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Darkness: A Theater's Best Friend Print E-mail
Tuesday, 01 February 2005
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Darkness: A Theater's Best Friend
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AV Education on RHT

Darkness: A Theater's Best Friend

Written by Michael Levy

As a child, Sundays were frequently spent at the local Lowe’s Paradise Theater. It truly was a paradise for me. How little I knew back then that I was watching a medium at the height of its glory. The screen was huge and often opened into panoramic width. There were dimly lit stars on the ceiling, feigning a midnight sky as I watched the stars on the screen. Everything was dark maroon. The seats and the walls were velvet. The only lights during movies were dimly lit guides to your seat on the floor. My first memories of it were from when I was very young. I was small enough to sink into the plush seat and in love with movies enough to be lost in the new world on the screen projected through the darkness. Yes, darkness, an important point. For maximum enjoyment of the theater experience, you must allow yourself to temporarily forget your surroundings. In darkness, you can transcend the space between you and the screen and go into its world.

I remember the premiere of “Cleopatra,” starring Elizabeth Taylor and Richard Burton. It was an event, and it all began when the lights went off. The screen was huge and curved, almost wrapping itself around me. I was transported into a majestic ancient world. There were ocean battles and ancient armies and Rome in all its splendor. The theater had done its job, for it had temporarily ceased to exist in my mind.

If you want to see film in its best environment, there are only a few state of the art movie theaters still in operation. The only one near me closed a few years ago. I now need to go to the Ziegfeld Theater in Manhattan, an hour and a half away, if I want to see a 70mm movie as it was meant to be seen. It is worth the trip. The depth of color and detail are unparalleled. To me, this is the reference.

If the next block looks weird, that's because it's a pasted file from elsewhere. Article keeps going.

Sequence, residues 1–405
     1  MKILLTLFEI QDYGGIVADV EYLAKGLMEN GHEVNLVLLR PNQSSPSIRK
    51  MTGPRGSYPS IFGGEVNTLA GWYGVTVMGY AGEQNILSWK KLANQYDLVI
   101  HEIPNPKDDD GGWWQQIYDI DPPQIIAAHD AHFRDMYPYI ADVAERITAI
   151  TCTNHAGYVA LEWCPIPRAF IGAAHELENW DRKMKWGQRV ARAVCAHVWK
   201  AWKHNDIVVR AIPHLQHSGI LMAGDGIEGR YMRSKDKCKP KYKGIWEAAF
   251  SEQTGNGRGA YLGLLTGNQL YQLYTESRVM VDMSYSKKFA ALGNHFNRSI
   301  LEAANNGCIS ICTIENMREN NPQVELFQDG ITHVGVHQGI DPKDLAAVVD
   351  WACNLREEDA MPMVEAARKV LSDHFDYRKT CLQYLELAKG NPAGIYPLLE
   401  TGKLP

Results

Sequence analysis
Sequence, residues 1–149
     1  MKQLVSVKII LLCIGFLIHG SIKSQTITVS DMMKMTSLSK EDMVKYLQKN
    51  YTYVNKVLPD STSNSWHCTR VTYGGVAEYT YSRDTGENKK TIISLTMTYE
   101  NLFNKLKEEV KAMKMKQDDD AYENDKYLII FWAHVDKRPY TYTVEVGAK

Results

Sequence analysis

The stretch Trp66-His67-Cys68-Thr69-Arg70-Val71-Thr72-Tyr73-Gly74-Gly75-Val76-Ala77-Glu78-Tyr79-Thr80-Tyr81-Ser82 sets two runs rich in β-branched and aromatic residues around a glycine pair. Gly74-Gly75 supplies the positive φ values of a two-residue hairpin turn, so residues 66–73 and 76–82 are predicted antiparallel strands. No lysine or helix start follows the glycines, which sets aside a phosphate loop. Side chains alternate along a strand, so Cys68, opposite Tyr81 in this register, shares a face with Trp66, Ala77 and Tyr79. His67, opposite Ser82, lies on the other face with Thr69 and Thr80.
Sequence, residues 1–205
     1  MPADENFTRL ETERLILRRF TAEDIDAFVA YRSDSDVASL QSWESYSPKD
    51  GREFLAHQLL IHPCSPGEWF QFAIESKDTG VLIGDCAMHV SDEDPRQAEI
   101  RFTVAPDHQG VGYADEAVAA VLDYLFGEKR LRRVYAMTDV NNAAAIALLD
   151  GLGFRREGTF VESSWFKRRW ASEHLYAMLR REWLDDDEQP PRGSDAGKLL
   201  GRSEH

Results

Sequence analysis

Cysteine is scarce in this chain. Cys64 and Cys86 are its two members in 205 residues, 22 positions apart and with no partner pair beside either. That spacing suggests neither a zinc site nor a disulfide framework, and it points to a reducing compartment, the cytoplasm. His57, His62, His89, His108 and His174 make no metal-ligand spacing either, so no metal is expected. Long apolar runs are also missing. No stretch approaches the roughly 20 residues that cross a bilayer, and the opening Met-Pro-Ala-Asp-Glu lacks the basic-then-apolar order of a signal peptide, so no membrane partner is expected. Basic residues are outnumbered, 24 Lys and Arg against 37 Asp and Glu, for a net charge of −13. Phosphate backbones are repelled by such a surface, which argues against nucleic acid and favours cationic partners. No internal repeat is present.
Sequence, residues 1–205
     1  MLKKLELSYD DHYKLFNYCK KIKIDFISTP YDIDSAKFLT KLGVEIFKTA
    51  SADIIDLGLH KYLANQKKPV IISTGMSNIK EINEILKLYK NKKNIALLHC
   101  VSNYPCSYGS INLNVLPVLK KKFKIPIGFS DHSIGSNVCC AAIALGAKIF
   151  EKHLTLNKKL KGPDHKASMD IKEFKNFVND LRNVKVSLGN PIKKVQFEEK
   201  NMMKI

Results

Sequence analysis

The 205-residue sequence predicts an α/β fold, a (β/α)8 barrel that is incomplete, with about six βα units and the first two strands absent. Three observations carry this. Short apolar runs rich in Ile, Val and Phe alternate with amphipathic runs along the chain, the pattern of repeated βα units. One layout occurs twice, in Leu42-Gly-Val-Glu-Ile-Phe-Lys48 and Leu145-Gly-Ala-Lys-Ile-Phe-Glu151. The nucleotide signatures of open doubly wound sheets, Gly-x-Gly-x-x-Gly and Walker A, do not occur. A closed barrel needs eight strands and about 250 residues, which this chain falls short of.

Directors design their films to be viewed in state of the art theaters. When filming a movie, the director has brightness and color values he or she wants on the screen, based on the end result being viewed in darkness. If you change either the environment or the medium reference values, you chance changing the very meaning of a scene. Changing the reference color temperature, or the reference white level, or most importantly the reference black level, changes the effect of the scene. How bright or dim an image is defines how it feels to the audience. Misty or dimly lit scenes like the scenes inside the caves in “Star Trek: Insurrection” or its highly contrasted outdoor scenes impart a feeling that is lost if the dynamics of the lighting of the scene are changed. Even a small amount of light in the room or on the screen will mute the perceived dynamics. In order to achieve the director’s desired effect, the home viewing system and environment must have light levels that come as close as possible to the reference movie theater.


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